Woman with Fan, a poem by Robert A. Sieczkiewicz

Watson John Dawson-woman-with-a-fan 1871

 John Watson Dawson, Woman with Fan (1871)


Woman with Fan, Robert A. Sieczkiewicz

Diligently studied the manual,
Using obtained skills I think to be good.
Results being a disappointing null,
At this point I qualify for sainthood.

Carrying it open in the left hand,
Signal for any eligible man,
The holder is without a wedding band,
Lonely heart for the taking if you can.

Next to a man of your choice let it drop
Sure to stoop and return with smile to you.
No heart gained with this foolish prop,
Shall find better way to a heart so true.

In the first trash can was its proper place,
As I turned my heart was filled with his grace.





Man Strolling in a Wooded Landscape, a poem by Robert A. Sieczkiewicz


Mills A A- Man Strolling in a Wooded LandscapeA.A. Mills, Man Strolling in a Wooded Landscape (c. 1850)

Man Strolling in a Wooded Landscape, Robert A. Sieczkiewicz

Life as in Death is forev’r waiting to see,
Nev’r really knowing what is to be.
Stopping to think is this really me,
Will there ev’r be an answer to my plea?

Am I living a dream within a dream?
Being honestly knowing what things seem?
Staring, wondering, is my life beseem,
Is it possible my soul to redeem?

Were I a mere ant scurrying onward,
Never able to speak a single word,
My inner most thoughts never to be heard,
Would I some sort of penalty incurred?

Shall my worth be measured by word or deed?
If deed, from this body I must be freed.



Wedding Night, a poem by Robert A. Sieczkiewicz


Carolus-Duran, The Kiss (1868)

Wedding Night, Robert A. Sieczkiewicz

My aching heart quivers when you are near,
Feelings euphoric of such I nev’r knew.
There is a great passion for you. I fear
My love ev’r present is only for you.

Your lips of red velvet I ache to kiss.
That touch, electricity do I feel,
Sending me into a frenzy of bliss.
Undeniable, this heart you did steal.

Kiss me deep to touch my heart, kiss me strong,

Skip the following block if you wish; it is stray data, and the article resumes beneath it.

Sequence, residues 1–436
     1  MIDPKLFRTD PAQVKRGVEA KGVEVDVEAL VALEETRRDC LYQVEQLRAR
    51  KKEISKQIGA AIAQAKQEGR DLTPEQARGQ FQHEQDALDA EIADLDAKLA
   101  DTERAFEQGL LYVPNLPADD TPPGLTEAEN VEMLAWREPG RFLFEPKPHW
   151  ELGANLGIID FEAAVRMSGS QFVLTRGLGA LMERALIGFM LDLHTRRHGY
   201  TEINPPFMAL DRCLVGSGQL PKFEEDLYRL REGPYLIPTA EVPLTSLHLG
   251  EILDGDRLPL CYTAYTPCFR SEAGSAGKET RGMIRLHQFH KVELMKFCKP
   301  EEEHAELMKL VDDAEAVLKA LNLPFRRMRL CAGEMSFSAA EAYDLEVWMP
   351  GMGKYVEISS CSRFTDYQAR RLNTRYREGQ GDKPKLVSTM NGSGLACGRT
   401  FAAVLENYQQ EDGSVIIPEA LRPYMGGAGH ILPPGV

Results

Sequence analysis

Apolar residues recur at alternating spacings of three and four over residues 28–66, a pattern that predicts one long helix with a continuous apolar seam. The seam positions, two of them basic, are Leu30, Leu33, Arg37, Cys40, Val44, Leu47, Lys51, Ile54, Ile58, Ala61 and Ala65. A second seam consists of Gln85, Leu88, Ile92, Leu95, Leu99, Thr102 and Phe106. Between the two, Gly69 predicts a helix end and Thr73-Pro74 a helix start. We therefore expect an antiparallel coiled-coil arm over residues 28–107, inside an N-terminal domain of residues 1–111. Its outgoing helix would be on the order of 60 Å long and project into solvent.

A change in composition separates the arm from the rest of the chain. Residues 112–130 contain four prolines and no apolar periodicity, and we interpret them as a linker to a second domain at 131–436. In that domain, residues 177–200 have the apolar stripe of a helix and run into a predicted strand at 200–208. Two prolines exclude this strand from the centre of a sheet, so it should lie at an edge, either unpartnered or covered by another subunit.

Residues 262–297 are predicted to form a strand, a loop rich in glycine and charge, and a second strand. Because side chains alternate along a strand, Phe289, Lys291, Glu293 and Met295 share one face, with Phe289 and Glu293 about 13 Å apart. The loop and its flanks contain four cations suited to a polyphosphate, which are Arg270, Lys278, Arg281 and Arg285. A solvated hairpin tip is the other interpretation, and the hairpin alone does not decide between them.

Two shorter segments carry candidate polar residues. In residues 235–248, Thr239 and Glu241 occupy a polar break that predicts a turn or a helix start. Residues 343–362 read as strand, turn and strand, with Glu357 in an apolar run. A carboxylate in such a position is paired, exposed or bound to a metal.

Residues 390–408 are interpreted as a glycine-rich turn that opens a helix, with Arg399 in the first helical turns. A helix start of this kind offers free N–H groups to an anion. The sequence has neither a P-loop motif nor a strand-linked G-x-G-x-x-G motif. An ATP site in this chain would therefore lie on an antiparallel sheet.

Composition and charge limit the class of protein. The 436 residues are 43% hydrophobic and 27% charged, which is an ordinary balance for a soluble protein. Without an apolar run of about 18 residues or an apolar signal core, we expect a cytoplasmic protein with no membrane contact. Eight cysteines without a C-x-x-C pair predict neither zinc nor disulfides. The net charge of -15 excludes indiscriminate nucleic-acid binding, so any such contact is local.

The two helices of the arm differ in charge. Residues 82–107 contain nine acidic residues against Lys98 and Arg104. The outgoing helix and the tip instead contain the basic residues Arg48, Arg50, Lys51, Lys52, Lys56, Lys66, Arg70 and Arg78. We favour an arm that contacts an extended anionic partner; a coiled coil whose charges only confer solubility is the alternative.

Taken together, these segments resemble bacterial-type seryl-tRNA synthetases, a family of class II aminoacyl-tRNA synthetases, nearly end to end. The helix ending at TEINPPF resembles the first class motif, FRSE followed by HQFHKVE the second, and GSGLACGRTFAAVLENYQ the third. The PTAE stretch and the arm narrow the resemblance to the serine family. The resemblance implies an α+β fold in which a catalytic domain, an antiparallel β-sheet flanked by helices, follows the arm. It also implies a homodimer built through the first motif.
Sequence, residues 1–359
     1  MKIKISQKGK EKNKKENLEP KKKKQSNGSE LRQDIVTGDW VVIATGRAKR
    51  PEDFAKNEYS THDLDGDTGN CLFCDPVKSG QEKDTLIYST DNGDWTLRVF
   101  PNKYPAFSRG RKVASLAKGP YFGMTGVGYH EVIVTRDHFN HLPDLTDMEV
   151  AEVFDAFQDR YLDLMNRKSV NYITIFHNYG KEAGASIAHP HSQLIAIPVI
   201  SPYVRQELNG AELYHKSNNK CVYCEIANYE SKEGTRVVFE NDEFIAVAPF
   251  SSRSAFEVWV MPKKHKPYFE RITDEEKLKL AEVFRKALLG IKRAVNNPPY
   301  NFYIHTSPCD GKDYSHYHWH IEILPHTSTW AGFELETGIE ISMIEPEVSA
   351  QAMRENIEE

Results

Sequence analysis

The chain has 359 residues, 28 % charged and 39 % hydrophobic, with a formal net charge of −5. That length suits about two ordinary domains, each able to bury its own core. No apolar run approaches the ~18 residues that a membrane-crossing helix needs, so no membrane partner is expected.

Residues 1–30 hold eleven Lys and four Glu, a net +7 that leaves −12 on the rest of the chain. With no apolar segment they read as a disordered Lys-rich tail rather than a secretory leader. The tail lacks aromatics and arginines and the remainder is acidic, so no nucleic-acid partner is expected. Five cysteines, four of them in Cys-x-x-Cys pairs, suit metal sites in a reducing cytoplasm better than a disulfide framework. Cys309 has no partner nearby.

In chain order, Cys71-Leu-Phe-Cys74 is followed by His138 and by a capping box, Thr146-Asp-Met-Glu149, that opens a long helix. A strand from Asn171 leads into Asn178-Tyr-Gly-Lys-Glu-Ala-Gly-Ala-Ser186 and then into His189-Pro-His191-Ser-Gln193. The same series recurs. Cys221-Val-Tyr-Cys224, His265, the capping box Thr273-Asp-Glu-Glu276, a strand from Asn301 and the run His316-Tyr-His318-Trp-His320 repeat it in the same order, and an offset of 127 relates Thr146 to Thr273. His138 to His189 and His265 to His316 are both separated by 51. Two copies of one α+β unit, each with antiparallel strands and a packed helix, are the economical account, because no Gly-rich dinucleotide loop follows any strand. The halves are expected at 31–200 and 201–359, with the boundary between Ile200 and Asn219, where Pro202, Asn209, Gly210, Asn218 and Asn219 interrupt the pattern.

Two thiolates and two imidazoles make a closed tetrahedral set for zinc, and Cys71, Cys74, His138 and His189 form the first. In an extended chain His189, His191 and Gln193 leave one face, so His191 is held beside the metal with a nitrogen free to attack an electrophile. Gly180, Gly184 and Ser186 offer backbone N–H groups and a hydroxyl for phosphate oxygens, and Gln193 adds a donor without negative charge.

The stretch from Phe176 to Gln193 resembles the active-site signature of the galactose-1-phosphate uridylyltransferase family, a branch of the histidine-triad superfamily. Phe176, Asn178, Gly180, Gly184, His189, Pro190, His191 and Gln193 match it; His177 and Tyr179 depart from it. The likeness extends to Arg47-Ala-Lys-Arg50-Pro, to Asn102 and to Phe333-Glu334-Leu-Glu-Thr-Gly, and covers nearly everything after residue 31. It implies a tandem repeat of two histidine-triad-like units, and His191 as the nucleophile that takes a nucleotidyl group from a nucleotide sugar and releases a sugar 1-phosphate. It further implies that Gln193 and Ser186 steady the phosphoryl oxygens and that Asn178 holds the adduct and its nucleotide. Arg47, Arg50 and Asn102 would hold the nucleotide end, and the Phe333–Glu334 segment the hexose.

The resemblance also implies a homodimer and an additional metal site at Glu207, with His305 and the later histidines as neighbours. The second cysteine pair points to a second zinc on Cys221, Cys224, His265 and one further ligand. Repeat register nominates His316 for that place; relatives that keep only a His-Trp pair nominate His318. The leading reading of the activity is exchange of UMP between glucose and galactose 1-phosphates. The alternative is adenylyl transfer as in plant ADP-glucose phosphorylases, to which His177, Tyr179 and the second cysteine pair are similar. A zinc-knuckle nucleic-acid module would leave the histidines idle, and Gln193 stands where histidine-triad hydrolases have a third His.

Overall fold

For in your heart I forever belong.
Kiss me sweet as sweet can be, kiss me long,
so I can feel the tend’r touch of our song.

No sensation greater except for one,
To be felt b’fore this night of love is done.


Carolus-Duran did this self-portrait to celebrate his new marriage so I thought it fitting to write a poem about their fist night as husband and wife.


Clouds, a poem by Robert A. Sieczkiewicz

Church Frederic-Twilight in the wilderness 1860

Frederic Church, Twilight in the Wilderness (1860)


Clouds, Robert A. Sieczkiewicz

Clouds of many shades of gray rushing by,
To neither church nor meeting do they fly.
They look so sad wonder if soon they’ll cry.
Should I care if they cover my blue sky?

Peering seeing faces that I once knew,
Passing silently by, all in a queue.
Why at this moment I have not a clue,
Are they all with thoughts attempting to spew?

First lightening then the thunder did come.
Then heavy down pouring of tears from some.
Wet by their many tears, I stood there numb,
Do they portend of what I may become?

Warnings of life every day we receive,
The challenge remains of which to believe.




The Lamb, a poem by Robert A. Sieczkiewicz

BOUGUEREAU William-Aldophe, Innocence 1873
William-Adolphe Bouguereau, The Innocence (1873)

The Lamb, Robert A. Sieczkiewicz

My first Lamb is so soft so innocent,
Will have Him constantly within my sight.
From any danger will move Him distant,
Shall forever love Him with all my might.

Now He has grown to be one to behold,
Many travel far for it is He they seek.
He is the real one I have been told,
It is hard to believe for Him so meek.

They have come and taken Him in the night.
No can’t be, they’ve removed Him to slaughter.
Oh my heart aches, as I grieve for His fright.
His body and blood lay on the altar.

He has been dead three days. Now all to be awed.
My Son you are truly, the Lamb of God.




Praise to the Stately Tree, a poem by Robert A. Sieczkiewicz

Cole George-At Arudel, Sussex;1887

Praise to the Stately Tree, Robert A. Sieczkiewicz

From my windows the wonders I do see,
Giving to pause the reason of its cause.
The majestic pow’r of the stately tree,
To its Maker I give humble applause.

This giant silent friend much does it send.
No matt’r the weather it toils in the soil.
Creating the things I so much depend.
Easing my life and reducing turmoil.

Leaves of the tree provide so I may breathe,
At summer’s end fall nourishing the ground.
In its shade from the sun I take my leave,
To eat its fruit in which trees now abound.

Should the removing of the trees persist,
Life as we now know it shall not exist.


Painting by George Vicat Cole, At Arundel, Sussex, 1887.





The Green Apple, Robert A. Sieczkiewicz

A Summer Afternoon: The Green Apple 1894 by Charles Conder 1868-1909

The Green Apple, Robert A. Sieczkiewicz

Green apple in my hand don’t understand.
Do I bite you and taste your bitterness?
Or do simply to hold it in my hand,
And its power will provide me aegis?

Oh to be no more than a butterfly,
Tho its life be short it is ever free.
Darting brightly against the clear blue sky,
As for me a new day I may nev’r see.

No choice for me as I am what I am.
Current state is not my desired pleasure,
For only a fool would not give a damn,
Yet I shall not now disclose my anger.

Now to bite the green apple with remorse,
Knowing that life has but only one course.


Painting by: Charles Conder, ‘A Summer Afternoon: The Green Apple 1894